As the editors rightly emphasize, the thirty-four essays in the Handbook do not represent a historiographical consensus on the cold war. Indeed, it is the plurality of approaches and interpretations which makes the book a stimulating read in the first place. At a closer look, however, it seems to me that most essays stay squarely within the bipolar framework and treat the superpower rivalry as a determining variable. Building on a wealth of case studies written over the past twenty-five years, all regional chapters probe into how the superpower rivalry affected the respective region or country, how regional and national leaders positioned themselves in the global conflict, and how they tried to avoid or exploit it. This is a solid and informative approach but hardly a path-breaking new perspective. In a similar vein, most chapters in Part IV look at how the cold war triggered social movements and influenced cultural currents, often validating the bipolar framework without acknowledging it explicitly. Brenda Plummer chronicles how race influenced the pursuit of US foreign policy during the cold war and how the cold war affected the black freedom struggle in America. Helen Laville’s essay on “Gender and Women’s Rights” contrasts American and Soviet gender ideologies, pointing out that American discourses focused on domesticity and consumerism while the Soviet ideal of gender equality dwelt on female workforce participation. Dianne Kirby bases her analysis of the religious cold war on two competing trajectories of secularism, namely socialist notions of laicism versus the Judeo-Christian secularism extolled by American leaders. Philipp Gassert’s account of “Oppositional Movements East and West” is impressively broad and knowledgeable in its global scope but concludes unequivocally: “In the decades between World War II and the 1980s, the history of the world was shaped by the competition between the two superpowers.” (p. 446)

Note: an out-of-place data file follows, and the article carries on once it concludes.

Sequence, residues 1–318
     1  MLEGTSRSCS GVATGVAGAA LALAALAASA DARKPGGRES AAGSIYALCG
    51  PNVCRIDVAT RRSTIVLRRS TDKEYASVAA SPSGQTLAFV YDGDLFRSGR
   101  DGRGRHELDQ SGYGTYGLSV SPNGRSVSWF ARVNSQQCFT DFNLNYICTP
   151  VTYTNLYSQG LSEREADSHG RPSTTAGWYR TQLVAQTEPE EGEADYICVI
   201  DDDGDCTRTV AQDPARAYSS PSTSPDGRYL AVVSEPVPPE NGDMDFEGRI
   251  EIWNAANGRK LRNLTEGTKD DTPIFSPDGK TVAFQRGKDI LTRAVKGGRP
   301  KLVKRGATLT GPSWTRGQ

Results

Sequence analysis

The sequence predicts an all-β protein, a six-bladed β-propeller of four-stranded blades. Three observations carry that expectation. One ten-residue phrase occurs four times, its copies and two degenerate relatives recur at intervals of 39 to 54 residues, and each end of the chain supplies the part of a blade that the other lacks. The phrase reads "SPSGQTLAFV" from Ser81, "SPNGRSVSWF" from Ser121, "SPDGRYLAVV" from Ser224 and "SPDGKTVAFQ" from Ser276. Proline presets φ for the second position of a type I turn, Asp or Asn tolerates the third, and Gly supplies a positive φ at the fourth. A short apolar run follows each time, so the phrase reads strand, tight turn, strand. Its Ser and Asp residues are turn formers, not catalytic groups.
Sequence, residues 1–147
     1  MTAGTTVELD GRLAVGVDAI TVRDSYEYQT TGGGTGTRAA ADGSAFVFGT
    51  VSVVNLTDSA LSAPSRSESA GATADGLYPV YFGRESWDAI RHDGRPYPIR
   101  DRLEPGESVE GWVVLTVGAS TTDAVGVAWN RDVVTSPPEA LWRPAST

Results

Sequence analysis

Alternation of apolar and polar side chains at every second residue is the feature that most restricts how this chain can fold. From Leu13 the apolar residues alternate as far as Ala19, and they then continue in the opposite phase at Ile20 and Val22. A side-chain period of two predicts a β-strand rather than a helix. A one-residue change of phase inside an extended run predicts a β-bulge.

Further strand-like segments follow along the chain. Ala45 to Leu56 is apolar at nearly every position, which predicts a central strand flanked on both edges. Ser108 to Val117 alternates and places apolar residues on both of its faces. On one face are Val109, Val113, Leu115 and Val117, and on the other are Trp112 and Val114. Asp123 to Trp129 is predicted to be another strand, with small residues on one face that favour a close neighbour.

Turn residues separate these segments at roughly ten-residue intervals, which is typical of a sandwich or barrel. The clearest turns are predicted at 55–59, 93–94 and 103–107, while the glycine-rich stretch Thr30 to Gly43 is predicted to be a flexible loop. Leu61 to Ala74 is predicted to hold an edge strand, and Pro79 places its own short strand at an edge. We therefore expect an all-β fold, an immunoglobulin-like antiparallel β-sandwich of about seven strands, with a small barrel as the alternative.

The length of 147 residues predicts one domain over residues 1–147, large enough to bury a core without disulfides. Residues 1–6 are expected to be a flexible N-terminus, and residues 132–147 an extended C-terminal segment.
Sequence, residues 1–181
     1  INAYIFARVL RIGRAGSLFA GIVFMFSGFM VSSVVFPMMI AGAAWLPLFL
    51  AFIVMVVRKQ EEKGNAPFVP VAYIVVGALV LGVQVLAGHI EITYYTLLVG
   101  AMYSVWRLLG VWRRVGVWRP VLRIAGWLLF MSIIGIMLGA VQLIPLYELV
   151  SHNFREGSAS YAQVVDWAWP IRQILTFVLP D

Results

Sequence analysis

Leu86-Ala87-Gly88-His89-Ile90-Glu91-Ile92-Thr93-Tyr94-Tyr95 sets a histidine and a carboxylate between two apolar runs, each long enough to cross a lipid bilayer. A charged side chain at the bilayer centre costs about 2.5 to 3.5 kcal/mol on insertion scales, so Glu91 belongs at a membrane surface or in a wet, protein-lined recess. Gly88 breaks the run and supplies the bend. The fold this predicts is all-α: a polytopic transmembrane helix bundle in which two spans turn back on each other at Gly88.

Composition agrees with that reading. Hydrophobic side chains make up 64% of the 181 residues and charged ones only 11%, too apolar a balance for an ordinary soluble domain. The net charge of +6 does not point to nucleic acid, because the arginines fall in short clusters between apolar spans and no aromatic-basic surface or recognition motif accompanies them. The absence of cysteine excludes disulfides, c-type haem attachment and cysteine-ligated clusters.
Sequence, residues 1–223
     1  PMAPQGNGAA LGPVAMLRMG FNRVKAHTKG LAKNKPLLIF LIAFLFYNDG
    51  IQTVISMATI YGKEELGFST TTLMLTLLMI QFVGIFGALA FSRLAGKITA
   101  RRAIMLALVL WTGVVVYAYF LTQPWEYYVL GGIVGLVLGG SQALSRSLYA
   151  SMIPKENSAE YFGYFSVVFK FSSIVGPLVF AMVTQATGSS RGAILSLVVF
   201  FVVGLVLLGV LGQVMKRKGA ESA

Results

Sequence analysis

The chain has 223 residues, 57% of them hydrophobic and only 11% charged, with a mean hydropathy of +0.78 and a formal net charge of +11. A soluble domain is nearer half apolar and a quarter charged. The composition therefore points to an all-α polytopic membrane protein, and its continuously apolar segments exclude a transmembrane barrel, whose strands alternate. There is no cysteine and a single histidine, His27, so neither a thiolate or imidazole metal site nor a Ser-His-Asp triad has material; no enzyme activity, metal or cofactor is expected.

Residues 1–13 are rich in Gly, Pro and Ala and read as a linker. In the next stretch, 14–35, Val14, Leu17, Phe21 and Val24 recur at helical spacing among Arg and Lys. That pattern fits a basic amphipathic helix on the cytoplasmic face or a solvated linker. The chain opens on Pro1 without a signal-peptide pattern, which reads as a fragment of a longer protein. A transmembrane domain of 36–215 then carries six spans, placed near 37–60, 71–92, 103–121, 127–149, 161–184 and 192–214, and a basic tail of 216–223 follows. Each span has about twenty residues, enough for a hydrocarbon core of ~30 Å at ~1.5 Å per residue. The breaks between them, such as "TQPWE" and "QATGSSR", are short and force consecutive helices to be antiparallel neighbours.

No review of 1,200 words can do full justice to the wealth of information, insight, and intellectual challenges that the thirty-four essays of the Oxford Handbook of the Cold War comprise. Nor should reviewers criticize editorial choices simply because they would have made different ones. I admit that I was skeptical of the editors’ deemphasizing “traditional” cold war topics and issues in what after all claims to be a “handbook”, and I confess that I have to be fully persuaded yet. Still, I have greatly benefited from reading the book as will all scholars who are interested in the key conflict that defined global history in the second half of the twentieth century and will arguably remain a vibrant field of historical scholarship in the foreseeable future.